mechanism as the two identity reactions. The application of the
Marcus equation would otherwise be a wild coincidence. The
equilibrium constant K y x is of course mechanism independent.
If we now focus on the identity reaction 1 and write for it the
SET mechanism of (4a), followed by (3a), the forward rate and
the reverse rate must be equal, and each step must be reversible.

+ MeX s XMe + XX- + MeX c X' + Me' + XX' + Me' E! XMe




However, the reverse of (3a) is the homolysis of XMe, an unlikely

step for any familiar X (for example, the Me1 bond energy is about
56 kcal/mol,19 the lower limit of the activation energy for the
reverse of (3a)). Furthermore, the principle of microscopic reversibility requires that, if this is indeed the reverse mechanism,
then it must contribute exactly as much as (4a). A more plausible
mechanism for identity reactions is one with either a symmetrical
transition state or a symmetrical intermediate. A few such reactions are shown below, all starting with the electron transfer
(1). They are shown for clarity with the leaving group Y, although
for the identity reaction Y = X.
mechanism A

+ MeY * X' + MeY'X' + MeY'- s XMe'- + Y'

Y' + XMe'- s Y- + XMe


This mechanism is unlikely for several reasons. First it assumes

MeY'- and XMe'- are stable species; second the central radical
displacement reaction has no analogy in ordinary radical chemistry.
mechanism B

+ MeY s X' + MeY'MeY'- z Me- + Y'

+ Me- s MeX'XMe'- + Y' s XMe + YX'

This requires MeY'- and MeX'- to be stable and decompose

in an unusual direction. All of the original MeY and the product
MeX bonds are gone at the intermediate stages.
mechanism C

+ MeY z X' + Me-Y'.

X' + MeY'- s X-M--Y
X-Me--Y s XMe'- + 'Y
XMe'- + 'Y z XMe + Y-


In this, there is a high-energy hypervalent anion, and the

participation of the electron transfer steps seems forced.
mechanism D

+ MeY + X' + Me' + YX' + y- z x- + Y'

X- + Me' + Y' s XMe + Y X-

This, like B, suffers from loss of all the bonds; it has termolecular steps but does not require a stable MeY'- or MeX'-.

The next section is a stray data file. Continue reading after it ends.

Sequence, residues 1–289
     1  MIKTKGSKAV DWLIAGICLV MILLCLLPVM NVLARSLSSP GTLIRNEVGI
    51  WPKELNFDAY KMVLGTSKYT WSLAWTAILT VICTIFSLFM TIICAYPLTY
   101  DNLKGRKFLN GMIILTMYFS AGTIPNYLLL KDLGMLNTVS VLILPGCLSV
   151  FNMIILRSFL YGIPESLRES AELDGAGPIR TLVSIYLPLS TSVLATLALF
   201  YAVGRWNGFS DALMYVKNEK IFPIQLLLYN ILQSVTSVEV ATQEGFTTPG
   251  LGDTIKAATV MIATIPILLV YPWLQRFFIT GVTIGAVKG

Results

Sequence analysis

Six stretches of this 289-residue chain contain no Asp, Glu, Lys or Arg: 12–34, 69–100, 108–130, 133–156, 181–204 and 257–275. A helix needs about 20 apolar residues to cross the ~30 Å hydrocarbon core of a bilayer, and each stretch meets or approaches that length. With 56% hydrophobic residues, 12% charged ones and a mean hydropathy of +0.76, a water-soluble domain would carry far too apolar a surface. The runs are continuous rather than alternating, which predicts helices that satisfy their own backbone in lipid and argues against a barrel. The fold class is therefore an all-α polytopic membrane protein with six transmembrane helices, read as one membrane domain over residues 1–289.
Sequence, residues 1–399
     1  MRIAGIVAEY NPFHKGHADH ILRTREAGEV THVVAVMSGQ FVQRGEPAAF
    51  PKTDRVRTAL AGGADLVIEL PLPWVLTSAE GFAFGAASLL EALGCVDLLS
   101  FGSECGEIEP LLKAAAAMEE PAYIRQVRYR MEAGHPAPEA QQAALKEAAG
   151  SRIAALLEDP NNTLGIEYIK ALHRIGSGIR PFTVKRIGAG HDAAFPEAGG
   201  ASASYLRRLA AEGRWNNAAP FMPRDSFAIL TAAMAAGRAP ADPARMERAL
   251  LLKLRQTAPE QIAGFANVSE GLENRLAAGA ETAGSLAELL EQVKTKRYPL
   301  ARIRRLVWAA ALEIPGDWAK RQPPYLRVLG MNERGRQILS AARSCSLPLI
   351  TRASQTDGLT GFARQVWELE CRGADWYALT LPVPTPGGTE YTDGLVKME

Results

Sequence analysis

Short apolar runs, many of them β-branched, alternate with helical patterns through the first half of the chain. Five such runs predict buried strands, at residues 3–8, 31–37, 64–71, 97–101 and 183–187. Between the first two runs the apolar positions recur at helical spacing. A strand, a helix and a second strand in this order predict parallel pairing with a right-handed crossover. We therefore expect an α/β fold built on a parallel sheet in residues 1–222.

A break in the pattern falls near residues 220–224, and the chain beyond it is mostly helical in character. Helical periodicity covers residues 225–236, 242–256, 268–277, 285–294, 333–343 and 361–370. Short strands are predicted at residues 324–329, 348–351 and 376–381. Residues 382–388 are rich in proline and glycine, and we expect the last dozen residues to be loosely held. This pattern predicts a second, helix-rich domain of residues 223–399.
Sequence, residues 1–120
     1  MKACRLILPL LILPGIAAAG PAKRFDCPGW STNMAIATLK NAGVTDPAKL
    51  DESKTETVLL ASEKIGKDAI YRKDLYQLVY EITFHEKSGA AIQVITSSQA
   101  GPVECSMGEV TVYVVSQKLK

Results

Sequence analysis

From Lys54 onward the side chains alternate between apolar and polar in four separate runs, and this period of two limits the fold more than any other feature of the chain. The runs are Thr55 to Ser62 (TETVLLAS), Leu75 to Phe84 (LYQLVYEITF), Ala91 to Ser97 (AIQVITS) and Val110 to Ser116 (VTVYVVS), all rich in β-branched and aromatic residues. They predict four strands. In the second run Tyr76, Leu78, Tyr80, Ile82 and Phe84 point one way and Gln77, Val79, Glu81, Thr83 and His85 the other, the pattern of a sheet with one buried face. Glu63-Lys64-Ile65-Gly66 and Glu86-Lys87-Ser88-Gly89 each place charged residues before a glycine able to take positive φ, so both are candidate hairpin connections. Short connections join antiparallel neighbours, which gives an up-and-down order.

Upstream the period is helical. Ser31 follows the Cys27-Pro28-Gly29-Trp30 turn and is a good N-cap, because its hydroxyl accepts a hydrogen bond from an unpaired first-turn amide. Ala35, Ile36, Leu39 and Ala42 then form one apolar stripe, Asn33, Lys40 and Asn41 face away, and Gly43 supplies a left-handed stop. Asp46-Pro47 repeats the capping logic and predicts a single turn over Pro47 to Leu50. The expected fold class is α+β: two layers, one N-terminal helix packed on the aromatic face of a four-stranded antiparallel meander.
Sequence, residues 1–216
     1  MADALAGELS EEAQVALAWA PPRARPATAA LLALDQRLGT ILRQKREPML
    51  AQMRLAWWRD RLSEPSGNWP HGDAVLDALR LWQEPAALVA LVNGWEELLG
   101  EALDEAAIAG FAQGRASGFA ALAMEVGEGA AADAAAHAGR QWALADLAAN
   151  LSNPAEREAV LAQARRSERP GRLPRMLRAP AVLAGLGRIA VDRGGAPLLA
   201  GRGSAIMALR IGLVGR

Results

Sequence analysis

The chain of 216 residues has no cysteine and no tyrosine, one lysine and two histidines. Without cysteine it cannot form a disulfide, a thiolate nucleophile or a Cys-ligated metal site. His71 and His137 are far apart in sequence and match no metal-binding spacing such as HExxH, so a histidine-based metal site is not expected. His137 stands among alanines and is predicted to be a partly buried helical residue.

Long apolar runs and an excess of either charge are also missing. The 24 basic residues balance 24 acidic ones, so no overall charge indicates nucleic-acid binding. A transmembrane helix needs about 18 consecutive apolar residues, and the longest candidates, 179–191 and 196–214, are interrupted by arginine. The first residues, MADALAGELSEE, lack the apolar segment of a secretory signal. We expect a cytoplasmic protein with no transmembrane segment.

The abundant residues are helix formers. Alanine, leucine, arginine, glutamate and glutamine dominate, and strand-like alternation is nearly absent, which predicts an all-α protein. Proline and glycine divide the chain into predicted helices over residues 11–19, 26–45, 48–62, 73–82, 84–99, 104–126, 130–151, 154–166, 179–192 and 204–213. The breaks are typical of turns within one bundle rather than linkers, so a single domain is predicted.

Each of these four mechanisms has a reverse identical to the
forward process when X = Y, each starts with the electron transfer
step, but none appears energetically acceptable. The inversion
of configuration also does not appear to be required. Nevertheless,
they have central intermediates or transition states reminiscent
(19) Benson, S. W. J . Chem. Ed. 1963, 42, 502.

1518 J . Am. Chem. SOC.,Vol. 111. No. 19. 1989

of the various contributions to the transition state for the one-step
If these mechanisms are indeed unacceptable, and the simplest
SET mechanism of (1) (2), and (3), or (4)and (3) is impossible
for identity reactions, then we are forced to conclude that the
mechanisms are also impossible for all methyl transfers, the rates
of which fit the Marcus equation. Familiar s N 2 reactions on other
primary and some secondary alkyl groups with other leaving
groups probably also fit eq 6, but SET, sometimes leading to net
substitution, can be expected when the structure is such as to make
the s N 2 very slow. These include tertiary, neopentyl, and aryl
halides and are, of course, only found with nucleophiles of very
low oxidation potentials.
Correlation of second-order rate constants with oxidation potential of the nucleophile has often been observed.20 Such a
correlation does not require SET mechanisms; it can be attributed
to important contributions of the (electron paired) structure
X'G-'Y to the s N 2 transition state. Even powerfully reducing
unhindered nucleophiles such as iron(0) porphyrins still can react
by ordinary s N 2 reactions16 with primary halides.
SET reactions are also promoted by favorable electron affinity
of RY, as in the p-nitrobenzenesulfonate ester of Bank and Noyd'O
or with the cationic N-alkyl-2,4,6-triphenylpyridinium
salts of
Katritzky.21 In this case, the nucleophile piperidine appears to